God's take on lawns (jokes)greenspun.com : LUSENET : Countryside : One Thread
GOD'S TAKE ON LAWNS:
Imagine the conversation The Creator might have had with St. Francis on the subject of lawns:
God: Hey St. Francis, you know all about gardens and nature. What in the world is going on down there in the Midwest? What happened to the dandelions, violets, thistle and stuff I started eons ago? I had a perfect "no maintenance" garden plan. Those plants grow in any type of soil, withstand drought and multiply with abandon. The nectar from the long lasting blossoms attracts butterflies, honey bees and flocks of songbirds. I expected to see a vast garden of colors by now. But all I see are these green rectangles.
St. Francis: It's the tribes that settled there, Lord. The Suburbanites. They started calling your flowers "weeds" and went to great lengths to kill them and replace them with grass.
God: Grass? But it's so boring. It's not colorful. It doesn't attract butterflies, birds and bees, only grubs and sod worms. It's temperamental with temperatures. Do these Suburbanites really want all that grass growing there?
St. Francis: Apparently so, Lord. They go to great pains to grow it and keep it green. The begin each spring by fertilizing grass and poisoning any other plant that crops up in the lawn.
God: The spring rains and warm weather probably make grass grow really fast. That must make the Suburbanites happy.
St. Francis: Apparently not, Lord. As soon as it grows a little, they cut it... sometimes twice a week.
God: They cut it? Do they then bail it like hay?
St. Francis: Not exactly, Lord. Most of them rake it up and put it in bags.
God: They bag it? Why? Is it a cash crop? Do they sell it?
St. Francis: No Sir. Just the opposite. They pay to throw it away.
God: Now let me get this straight. They fertilize grass so when it does grow, they cut it off and pay to throw it away?
St. Francis: Yes, Sir.
God: These Suburbanites must be relieved in the summer when we cut back on the rain and turn up the heat. That surely slows the growth and saves them a lot of work.
St. Francis: You are not going to believe this Lord. When the grass stops growing so fast, they drag out hoses and pay more money to water it so they can continue to mow it and pay to get rid of it.
God: What nonsense. At least they kept some of the trees. That was a sheer stroke of genius, if I do say so myself. The trees grow leaves in the spring to provide beauty and shade in the summer. In the autumn they fall to the ground and form a natural blanket to keep moisture in the soil and protect the trees and bushes. Plus, as they rot, the leaves form compost to enhance the soil. It's a natural circle of life.
St. Francis: You better sit down, Lord. The Suburbanites have drawn a new circle. As soon as the leaves fall, they rake them into great piles and pay to have them hauled away.
God: No. What do they do to protect the shrub and tree roots in the winter and to keep the soil moist and loose?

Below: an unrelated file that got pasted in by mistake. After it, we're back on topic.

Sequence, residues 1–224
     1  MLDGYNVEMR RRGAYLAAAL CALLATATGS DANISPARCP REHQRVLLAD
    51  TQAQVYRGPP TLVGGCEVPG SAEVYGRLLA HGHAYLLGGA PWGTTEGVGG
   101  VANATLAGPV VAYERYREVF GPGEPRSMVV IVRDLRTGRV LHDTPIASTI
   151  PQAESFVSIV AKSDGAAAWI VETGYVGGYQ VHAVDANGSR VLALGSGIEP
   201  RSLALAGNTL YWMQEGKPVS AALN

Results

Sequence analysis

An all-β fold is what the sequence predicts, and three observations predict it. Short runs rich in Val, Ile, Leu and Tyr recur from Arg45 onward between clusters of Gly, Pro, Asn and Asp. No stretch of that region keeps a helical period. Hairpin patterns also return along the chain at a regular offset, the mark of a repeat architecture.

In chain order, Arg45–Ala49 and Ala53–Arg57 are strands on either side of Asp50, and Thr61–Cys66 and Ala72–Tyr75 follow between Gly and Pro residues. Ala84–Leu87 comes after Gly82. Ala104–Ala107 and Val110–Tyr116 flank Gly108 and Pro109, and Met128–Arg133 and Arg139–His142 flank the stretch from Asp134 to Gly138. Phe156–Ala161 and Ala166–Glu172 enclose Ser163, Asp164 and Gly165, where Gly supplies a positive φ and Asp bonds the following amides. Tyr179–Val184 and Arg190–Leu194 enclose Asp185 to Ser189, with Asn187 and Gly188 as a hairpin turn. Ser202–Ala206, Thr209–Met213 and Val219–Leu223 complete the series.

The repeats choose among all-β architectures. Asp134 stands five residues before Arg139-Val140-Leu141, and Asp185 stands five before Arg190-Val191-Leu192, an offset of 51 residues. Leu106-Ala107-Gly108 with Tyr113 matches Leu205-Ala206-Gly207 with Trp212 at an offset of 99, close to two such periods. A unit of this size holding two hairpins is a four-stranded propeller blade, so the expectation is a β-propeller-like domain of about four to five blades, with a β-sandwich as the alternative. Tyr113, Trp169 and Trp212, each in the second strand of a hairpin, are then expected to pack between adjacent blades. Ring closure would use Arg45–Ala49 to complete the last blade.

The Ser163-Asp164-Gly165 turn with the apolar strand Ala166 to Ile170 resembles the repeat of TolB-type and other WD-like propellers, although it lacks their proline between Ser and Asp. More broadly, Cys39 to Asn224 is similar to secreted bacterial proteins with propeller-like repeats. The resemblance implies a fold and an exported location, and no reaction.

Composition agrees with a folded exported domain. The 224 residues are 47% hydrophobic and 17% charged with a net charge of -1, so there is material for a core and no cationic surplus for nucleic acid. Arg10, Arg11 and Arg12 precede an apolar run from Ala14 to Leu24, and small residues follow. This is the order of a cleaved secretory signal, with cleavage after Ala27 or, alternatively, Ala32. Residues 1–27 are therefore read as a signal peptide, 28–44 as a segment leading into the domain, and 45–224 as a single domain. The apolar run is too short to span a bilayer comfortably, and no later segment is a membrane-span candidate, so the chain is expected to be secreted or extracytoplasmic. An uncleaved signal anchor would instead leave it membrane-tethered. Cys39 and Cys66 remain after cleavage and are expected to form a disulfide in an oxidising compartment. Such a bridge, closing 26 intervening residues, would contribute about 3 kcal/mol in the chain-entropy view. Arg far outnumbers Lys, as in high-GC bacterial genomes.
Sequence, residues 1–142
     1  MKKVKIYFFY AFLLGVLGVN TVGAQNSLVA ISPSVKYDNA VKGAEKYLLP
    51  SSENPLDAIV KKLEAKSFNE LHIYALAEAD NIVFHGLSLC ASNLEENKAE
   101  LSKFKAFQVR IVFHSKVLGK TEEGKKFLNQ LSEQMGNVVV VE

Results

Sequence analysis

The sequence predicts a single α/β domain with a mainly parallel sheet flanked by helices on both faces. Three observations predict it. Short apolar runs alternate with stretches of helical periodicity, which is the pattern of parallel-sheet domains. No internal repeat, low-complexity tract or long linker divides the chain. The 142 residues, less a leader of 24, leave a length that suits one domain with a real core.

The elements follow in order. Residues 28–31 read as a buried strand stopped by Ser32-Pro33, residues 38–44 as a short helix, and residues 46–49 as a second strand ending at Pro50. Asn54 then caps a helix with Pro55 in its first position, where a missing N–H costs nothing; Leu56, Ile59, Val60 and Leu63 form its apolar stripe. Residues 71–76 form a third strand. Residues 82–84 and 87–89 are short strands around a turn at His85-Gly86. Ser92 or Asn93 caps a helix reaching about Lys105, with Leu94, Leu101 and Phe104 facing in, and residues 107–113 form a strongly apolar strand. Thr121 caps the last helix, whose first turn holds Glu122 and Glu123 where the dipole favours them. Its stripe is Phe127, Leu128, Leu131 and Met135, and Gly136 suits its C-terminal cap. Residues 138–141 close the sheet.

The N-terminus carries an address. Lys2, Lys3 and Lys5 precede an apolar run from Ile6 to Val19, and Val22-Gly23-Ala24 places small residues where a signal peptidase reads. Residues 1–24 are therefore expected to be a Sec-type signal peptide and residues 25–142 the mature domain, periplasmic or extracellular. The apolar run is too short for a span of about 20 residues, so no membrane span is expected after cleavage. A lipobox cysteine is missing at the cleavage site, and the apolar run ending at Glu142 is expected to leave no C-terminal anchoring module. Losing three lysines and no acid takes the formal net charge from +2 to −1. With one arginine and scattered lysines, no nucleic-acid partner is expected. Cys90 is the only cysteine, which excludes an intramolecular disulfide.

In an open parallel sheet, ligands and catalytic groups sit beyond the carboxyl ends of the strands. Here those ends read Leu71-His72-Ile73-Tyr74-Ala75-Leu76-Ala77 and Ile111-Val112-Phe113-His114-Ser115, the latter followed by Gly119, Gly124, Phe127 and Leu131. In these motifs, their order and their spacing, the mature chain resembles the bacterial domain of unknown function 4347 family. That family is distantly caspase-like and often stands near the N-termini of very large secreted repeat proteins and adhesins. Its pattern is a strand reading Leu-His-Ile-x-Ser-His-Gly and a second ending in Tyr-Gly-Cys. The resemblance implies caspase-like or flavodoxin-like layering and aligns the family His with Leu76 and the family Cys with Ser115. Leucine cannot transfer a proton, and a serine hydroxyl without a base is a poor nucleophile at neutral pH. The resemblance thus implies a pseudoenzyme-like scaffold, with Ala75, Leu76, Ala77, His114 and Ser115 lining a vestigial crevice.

St. Francis: After throwing away the leaves, they go out and buy something which they call mulch. The haul it home and spread it around in place of the leaves.
God: And where do they get this mulch?
St. Francis: They cut down trees and grind them up to make the mulch.
God: Enough. I don't want to think about this anymore. Sister Catherine, you're in charge of the arts. What movie have you scheduled for us tonight?
Sister Catherine: "Dumb and Dumber", Lord. It's a real stupid movie about.....
God: Never mind, I think I just heard the whole story from St. Francis.
-- Connie (Connie@lunehaven.com), May 16, 2001
That sound like an Asian friend once said:" People from the south are strange. They heat water to make the tea hot---then they put ice in it to make it cold---then they put sugar in it to make it sweet--- then they put lemon in it to make it sour--add a few mint leaves so it won't be bland--Very fickle people you are"! Thanks for the chuckle.
-- Debbie T in N.C. (email@example.com), May 16, 2001.
Fits perfect with my opinion of what most humans are: "Bubonic Plague with legs". They walk around in a state of delirium.
-- Tom (firstname.lastname@example.org), May 16, 2001.
That was wonderful but how true it is.
-- Cordy (email@example.com), May 16, 2001.
hahahahaha very cute
-- Action Dude (firstname.lastname@example.org), May 16, 2001.
This was really good. You should have seen the look on the face of the "lawn care professional" when we refused his attempt at the "free treatment" to get rid of the violets, dandelions and wild lily of the valley growing all over our yard! "You mean to say you like the way your lawn looks with all those WEEDS growing all over?" Yeap! That's exactly what we like instead of all your chemicals and "perfect looking" grass. We call it our "diverse" lawn.
-- Dianne in Mass (email@example.com), May 17, 2001.
We solved the "lawn problem" here by seeding in a native grass, the ever-hardy Buffalo Grass. Though slow to green up in the spring, it is a tough, disease resistant, abuse resistant, natural ground cover, indiginous to our area. It grows thick and short, and crowds out the weeds naturally. You don't need to water it or fertilize it, and mow it only when you think it might be too tall to conceal the rattlers. Thanks for the chuckle!
-- Lynn in SD (firstname.lastname@example.org), May 19, 2001.
yes iv noticed the problem god must love my yard!prettyest lawn i saw was nothing but wild violets . the same people who have chemlawn do thier yard will acuse farmers of destroying the enviorment with fertlize and herbicides while i am almost organic even the most chemical crazed farmers have a economic threshold for inuts but the lawn people dont
-- George Darby (email@example.com), May 24, 2001.